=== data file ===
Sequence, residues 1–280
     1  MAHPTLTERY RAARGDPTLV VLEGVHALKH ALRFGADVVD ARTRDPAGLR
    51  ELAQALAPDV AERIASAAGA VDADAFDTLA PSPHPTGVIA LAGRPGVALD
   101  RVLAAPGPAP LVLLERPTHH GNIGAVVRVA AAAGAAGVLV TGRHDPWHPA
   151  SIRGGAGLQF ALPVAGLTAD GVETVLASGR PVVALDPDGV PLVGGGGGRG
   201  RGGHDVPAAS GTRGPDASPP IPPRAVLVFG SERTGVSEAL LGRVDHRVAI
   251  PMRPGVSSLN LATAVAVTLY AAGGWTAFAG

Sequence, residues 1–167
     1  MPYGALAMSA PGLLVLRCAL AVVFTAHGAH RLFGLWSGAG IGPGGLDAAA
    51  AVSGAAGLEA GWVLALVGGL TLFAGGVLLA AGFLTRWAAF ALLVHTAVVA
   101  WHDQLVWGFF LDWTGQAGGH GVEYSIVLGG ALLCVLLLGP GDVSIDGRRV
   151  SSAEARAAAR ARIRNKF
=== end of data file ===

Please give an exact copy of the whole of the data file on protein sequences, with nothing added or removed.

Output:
Sequence, residues 1–280
     1  MAHPTLTERY RAARGDPTLV VLEGVHALKH ALRFGADVVD ARTRDPAGLR
    51  ELAQALAPDV AERIASAAGA VDADAFDTLA PSPHPTGVIA LAGRPGVALD
   101  RVLAAPGPAP LVLLERPTHH GNIGAVVRVA AAAGAAGVLV TGRHDPWHPA
   151  SIRGGAGLQF ALPVAGLTAD GVETVLASGR PVVALDPDGV PLVGGGGGRG
   201  RGGHDVPAAS GTRGPDASPP IPPRAVLVFG SERTGVSEAL LGRVDHRVAI
   251  PMRPGVSSLN LATAVAVTLY AAGGWTAFAG

Sequence, residues 1–167
     1  MPYGALAMSA PGLLVLRCAL AVVFTAHGAH RLFGLWSGAG IGPGGLDAAA
    51  AVSGAAGLEA GWVLALVGGL TLFAGGVLLA AGFLTRWAAF ALLVHTAVVA
   101  WHDQLVWGFF LDWTGQAGGH GVEYSIVLGG ALLCVLLLGP GDVSIDGRRV
   151  SSAEARAAAR ARIRNKF